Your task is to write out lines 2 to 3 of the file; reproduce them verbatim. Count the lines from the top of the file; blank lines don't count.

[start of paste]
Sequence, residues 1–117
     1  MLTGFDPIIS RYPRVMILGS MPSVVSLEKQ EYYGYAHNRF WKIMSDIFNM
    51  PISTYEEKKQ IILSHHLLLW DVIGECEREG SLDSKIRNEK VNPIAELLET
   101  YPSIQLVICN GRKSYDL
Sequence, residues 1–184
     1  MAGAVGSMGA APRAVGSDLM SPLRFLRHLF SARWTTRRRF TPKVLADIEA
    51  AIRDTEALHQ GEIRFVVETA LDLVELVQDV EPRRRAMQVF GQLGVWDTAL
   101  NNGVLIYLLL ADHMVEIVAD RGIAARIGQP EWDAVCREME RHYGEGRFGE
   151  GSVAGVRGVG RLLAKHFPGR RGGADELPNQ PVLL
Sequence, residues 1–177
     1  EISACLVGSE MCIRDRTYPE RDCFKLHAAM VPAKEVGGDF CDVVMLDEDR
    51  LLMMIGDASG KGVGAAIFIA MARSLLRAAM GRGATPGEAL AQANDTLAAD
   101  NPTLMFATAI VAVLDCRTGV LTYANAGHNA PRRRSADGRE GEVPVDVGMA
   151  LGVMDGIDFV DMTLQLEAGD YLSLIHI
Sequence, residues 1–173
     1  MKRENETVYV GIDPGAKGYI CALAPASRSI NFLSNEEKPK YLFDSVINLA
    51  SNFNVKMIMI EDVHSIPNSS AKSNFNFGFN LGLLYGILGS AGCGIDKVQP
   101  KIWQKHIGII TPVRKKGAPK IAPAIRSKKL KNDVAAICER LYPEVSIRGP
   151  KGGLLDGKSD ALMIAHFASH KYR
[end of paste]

     1  MLTGFDPIIS RYPRVMILGS MPSVVSLEKQ EYYGYAHNRF WKIMSDIFNM
    51  PISTYEEKKQ IILSHHLLLW DVIGECEREG SLDSKIRNEK VNPIAELLET